Interview with Kelly Curtis, Author of The Mars One Incident
17 Sep 2019
What can you tell us about your new release, The Mars One Incident?
A question on a lot of people’s minds these days is: What are the negative effects of social media? In The Mars One Incident, I wanted to set up a future where social media and personal technology is banned. That all communication through any kind of technology is seen as rude, unhealthy and inauthentic to the humans in the 27th century. However, humans of the future still participate in the relevant goings-on in the galaxy so technology off planet is permitted, hence our captain and heroine’s plight to protect her government with her starship. On terra firma, no personal technology is allowed, the population is capped, all energy is green and the society is more or less organized by everyone’s occupation, into specific guilds around the world and the one government is a direct democracy. This is a world I will continue through subsequent books, however, The Mars One Incident is a short book, only 200 pages, that sets the scene and gives readers some background about humans of the future and specifically the competing opinions about whether or not this ban on social media and technology should continue. My writing style is a lot of dialogue with very little description, which is different for science fiction, but I want readers to feel like they themselves met these characters through the conversations, not long descriptions I provide.
What or who inspired you to become an author?
As James Baldwin said, “The terrible thing about being a writer is that you don’t decide to become one, you discover that you are one.”
What’s on your top 5 list for the best books you’ve ever read?
1. Brave New World, Aldous Huxley
2. Wuthering Heights, Emily Brontë
3. Pride and Prejudice, Jane Austen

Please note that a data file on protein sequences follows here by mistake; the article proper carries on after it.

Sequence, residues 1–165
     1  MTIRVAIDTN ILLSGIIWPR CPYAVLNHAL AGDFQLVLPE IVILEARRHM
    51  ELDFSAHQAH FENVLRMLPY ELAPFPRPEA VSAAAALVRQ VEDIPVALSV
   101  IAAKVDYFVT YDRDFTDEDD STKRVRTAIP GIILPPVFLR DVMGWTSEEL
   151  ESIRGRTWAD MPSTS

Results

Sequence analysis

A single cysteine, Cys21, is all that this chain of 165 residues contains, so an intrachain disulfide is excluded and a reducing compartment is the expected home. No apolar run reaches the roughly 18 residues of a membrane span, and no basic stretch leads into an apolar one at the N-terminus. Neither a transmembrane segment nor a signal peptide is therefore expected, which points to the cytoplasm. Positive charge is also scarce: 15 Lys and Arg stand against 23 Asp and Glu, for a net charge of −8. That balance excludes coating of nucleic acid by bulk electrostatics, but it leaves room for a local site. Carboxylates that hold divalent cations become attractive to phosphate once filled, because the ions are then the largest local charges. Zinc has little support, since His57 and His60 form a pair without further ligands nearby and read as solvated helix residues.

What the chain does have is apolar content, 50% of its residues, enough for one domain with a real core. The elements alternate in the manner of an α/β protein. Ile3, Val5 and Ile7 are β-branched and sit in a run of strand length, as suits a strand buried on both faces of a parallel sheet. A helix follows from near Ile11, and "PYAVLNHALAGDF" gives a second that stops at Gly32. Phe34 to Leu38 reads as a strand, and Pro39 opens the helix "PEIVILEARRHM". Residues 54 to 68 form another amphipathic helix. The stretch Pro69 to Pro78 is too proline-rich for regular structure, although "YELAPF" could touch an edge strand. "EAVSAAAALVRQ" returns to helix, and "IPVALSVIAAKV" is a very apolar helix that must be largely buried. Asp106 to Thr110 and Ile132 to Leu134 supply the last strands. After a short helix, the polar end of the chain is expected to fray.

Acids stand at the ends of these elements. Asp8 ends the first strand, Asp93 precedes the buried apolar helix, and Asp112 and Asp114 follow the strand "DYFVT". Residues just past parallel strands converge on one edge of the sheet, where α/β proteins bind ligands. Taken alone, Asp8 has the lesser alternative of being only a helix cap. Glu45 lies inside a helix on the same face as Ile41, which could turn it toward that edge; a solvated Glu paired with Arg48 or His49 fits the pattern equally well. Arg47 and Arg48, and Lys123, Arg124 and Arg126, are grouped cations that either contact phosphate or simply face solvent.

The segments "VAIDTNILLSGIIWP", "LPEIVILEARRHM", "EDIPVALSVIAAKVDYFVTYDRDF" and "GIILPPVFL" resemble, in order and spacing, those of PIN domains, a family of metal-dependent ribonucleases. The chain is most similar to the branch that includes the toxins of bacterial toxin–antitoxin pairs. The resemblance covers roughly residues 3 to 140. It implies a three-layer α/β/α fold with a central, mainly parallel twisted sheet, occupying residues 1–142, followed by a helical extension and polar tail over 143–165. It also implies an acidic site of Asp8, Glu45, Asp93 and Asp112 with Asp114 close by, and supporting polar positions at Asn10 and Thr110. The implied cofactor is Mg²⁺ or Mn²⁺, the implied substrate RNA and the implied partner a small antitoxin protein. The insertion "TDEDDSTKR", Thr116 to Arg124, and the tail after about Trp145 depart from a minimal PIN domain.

4. The Master and Margarita, Mikhail Bulgakov
5. Bleak House, Charles Dickens
Say you’re the host of a literary talk show. Who would be your first guest? What would you want to ask?
Anne Rice, Why were your first books about male vampires?
What’s your favorite thing about writing?
Being able to create such fun characters. I purposely take characters, both men and women equally from many age groups and from across the planet. I am currently having The Mars One Incident made into an audiobook and I am having great fun working with a actor/narrator who is able to take on the many accents required for this book.
What is a typical day like for you?
I write and edit throughout the day, in waves.
What scene in The Mars One Incident was your favorite to write?
My favorite scene to write in The Mars One Incident was when our heroine is trying to explain to her boyfriend what it feels like to be out in the solar system and interacting with aliens. He, of course, does not get it and she compares him to a pile of wood you keep for winter. It is a scene most of us can relate to, we are in a relationship with someone who, on paper, should be perfect for us, but it just doesn’t click no matter how much we want it to.
Do you have a motto, quote or philosophy you live by?
“You get in life what you have the courage to ask for.” Oprah Winfrey
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